Long-distance carrier Sprint Corp. agreed to pay $50 million to shareholders and to strengthen its board of directors to settle two stockholder lawsuits.
Shareholders, led by Amalgamated Bank's LongView investment fund -- which represents union and multi-employer pension funds -- sued Sprint after its unsuccessful attempt to merge with WorldCom Inc. in 2000, alleging that executives withheld information that benefited themselves at the expense of shareholders.
The suits claimed that Sprint executives didn't disclose that regulators opposed the merger. Without that information, the plaintiffs said, shareholders were induced to buy stock at inflated prices and vote to approve the merger. Under Sprint's rules, executives were able to exercise stock options upon shareholder approval rather than waiting for the merger -- which never occurred because the government opposed it.
William S. Lerach, the plaintiffs' attorney, said the settlement will be distributed to shareholders who bought stock from October 1999 to September 2000. The agreement is subject to approval by a federal judge, who would determine how much of the $50 million Lerach's firm gets, an Amalgamated official said.
Shareholder activists said the settlement was important because of provisions that will better serve investor interests.
"This is how we're going to make things work better in the future," said Nell Minow, editor of the Corporate Library, which specializes in corporate governance.
Sprint said in a statement that the company admits no liability and that there was no finding that it violated federal securities laws. It said the changes to its board of directors are "consistent with the company's commitment to be at the forefront of 'best practices' in corporate governance."
Under the settlement, Sprint named former Hallmark Cards Inc. chief executive Irvine O. Hockaday Jr. as lead independent director, a newly created position.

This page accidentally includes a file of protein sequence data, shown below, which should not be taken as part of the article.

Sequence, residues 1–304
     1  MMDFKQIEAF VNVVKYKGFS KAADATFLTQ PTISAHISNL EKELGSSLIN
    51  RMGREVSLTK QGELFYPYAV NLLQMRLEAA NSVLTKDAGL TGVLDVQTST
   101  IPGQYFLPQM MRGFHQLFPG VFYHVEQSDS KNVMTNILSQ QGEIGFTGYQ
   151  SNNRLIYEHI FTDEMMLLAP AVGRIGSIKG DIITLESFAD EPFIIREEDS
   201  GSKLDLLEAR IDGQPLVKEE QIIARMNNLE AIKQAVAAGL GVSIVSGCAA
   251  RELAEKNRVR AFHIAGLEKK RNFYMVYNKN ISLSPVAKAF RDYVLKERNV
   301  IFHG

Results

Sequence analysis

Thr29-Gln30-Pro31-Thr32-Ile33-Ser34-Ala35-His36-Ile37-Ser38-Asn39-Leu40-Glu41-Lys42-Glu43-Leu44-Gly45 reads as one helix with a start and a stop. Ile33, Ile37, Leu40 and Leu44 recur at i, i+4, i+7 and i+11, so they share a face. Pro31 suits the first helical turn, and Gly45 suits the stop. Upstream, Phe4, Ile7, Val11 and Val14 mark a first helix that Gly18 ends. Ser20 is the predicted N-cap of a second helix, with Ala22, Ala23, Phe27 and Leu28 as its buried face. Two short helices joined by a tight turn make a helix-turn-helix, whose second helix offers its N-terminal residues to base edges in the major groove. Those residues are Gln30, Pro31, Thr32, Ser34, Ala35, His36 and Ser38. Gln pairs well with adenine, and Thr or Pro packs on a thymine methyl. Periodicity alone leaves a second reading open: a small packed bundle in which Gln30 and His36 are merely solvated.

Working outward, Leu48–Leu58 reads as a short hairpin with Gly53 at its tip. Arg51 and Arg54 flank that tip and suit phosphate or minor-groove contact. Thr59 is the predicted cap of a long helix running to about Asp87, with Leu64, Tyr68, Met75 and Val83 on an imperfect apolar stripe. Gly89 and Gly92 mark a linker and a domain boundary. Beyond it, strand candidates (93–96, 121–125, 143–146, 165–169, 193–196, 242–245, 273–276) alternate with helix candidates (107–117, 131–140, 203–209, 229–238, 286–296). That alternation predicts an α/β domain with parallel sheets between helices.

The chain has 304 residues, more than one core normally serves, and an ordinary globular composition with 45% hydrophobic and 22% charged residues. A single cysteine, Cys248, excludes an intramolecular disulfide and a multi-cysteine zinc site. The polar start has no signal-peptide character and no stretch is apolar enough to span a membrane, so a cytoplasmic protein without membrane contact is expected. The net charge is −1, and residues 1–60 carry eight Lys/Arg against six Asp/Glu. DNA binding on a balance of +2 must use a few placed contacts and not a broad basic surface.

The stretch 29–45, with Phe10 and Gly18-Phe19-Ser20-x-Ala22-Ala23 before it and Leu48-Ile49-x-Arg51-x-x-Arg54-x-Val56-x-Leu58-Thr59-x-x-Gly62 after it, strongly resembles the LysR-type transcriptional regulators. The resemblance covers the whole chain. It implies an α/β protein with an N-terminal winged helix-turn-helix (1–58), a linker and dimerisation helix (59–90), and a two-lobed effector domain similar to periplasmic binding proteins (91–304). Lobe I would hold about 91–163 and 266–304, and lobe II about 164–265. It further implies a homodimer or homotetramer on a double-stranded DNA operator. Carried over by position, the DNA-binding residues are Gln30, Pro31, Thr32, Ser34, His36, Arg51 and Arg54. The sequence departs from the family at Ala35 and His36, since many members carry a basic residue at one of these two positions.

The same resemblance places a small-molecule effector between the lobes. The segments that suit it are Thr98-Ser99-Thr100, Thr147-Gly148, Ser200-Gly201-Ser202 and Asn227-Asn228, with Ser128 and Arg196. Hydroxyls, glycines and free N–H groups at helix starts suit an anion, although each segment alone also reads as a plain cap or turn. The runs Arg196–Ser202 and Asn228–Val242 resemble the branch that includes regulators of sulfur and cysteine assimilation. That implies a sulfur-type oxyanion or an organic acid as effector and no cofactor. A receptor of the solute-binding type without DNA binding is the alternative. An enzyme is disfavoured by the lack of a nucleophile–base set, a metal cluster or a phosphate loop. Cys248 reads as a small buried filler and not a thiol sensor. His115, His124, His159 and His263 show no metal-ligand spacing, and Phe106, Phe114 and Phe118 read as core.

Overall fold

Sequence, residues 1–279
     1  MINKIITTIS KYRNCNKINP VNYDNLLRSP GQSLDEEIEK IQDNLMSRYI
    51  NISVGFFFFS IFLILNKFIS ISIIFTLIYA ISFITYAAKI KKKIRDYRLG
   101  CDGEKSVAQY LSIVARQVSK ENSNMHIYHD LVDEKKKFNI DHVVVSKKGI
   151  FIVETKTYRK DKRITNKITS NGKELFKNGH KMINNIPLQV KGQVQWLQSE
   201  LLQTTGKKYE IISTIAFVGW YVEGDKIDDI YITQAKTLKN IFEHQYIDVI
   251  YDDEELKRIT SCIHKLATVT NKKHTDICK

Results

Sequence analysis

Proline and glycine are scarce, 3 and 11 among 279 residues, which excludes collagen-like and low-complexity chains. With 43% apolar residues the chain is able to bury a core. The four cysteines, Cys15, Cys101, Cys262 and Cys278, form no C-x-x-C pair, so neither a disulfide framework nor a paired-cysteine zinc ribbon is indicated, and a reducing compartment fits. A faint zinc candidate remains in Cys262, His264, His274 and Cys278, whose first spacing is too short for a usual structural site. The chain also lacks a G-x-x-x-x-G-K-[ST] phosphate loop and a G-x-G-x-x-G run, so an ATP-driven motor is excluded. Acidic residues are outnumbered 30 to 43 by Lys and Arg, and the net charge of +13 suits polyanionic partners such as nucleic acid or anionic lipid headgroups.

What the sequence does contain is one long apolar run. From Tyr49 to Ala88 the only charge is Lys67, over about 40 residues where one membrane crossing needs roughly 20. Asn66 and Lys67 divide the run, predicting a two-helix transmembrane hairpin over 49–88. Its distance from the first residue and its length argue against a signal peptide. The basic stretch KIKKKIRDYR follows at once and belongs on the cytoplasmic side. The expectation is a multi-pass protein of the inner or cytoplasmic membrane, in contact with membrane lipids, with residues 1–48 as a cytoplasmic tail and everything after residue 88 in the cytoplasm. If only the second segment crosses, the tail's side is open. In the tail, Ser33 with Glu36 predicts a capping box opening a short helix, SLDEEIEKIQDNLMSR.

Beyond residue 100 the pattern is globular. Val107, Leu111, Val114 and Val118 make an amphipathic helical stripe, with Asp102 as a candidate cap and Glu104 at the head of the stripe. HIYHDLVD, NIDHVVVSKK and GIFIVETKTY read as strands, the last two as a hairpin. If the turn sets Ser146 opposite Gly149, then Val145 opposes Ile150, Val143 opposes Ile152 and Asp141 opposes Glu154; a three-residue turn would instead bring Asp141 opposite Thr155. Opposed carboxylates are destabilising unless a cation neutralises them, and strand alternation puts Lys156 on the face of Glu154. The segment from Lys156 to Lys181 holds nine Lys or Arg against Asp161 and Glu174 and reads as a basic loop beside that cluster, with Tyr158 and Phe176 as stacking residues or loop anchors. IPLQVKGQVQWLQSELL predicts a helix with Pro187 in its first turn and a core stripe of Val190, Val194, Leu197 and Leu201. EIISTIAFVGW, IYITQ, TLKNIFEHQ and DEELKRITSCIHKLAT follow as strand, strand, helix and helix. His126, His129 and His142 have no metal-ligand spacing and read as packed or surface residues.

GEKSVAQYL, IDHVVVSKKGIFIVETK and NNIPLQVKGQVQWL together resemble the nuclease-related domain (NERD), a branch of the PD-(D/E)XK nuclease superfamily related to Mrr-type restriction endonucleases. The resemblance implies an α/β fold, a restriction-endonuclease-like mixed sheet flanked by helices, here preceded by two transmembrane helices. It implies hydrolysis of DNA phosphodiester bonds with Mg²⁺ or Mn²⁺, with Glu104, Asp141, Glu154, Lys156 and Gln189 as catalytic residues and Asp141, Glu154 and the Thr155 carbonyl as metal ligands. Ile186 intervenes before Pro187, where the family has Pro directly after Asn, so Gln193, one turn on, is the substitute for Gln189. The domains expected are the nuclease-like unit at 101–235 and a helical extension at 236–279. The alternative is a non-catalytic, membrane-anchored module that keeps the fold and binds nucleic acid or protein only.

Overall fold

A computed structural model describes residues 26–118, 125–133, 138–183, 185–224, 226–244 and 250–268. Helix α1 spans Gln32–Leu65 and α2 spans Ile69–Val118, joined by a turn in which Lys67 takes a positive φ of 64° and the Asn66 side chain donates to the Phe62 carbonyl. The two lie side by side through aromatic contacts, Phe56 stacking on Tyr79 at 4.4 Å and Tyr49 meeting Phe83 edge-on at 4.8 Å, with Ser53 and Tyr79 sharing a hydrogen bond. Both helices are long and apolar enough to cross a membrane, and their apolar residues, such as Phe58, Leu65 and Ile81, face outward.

"That's a very large move because of the power written into it," said Melissa Moye, Amalgamated Bank's chief economist for investments. She noted that Hockaday would be able to convene meetings, call executive sessions of the independent directors and put business on the board's agenda.
The company also agreed to a goal of having two-thirds of its directors be independent by next year's annual meeting.
Shareholder activists, including unions and other large institutional investors, have been pushing corporations for years to give more power to independent directors who would be less beholden to corporate management and more likely to hold it to account. Corporate scandals in the past few years have strengthened their campaign.
Sprint recently was the focus of a campaign by the Internal Revenue Service against abusive tax shelters. Its chief executive, William T. Esrey, and chief operating officer, Ronald T. LeMay, were audited by the IRS because of an arrangement designed to postpone taxes on profits from the options they held.
The Sprint board asked the two men to resign shortly before news of the tax shelters became public. The appointment of Esrey's successor, Gary D. Forsee, was announced Tuesday.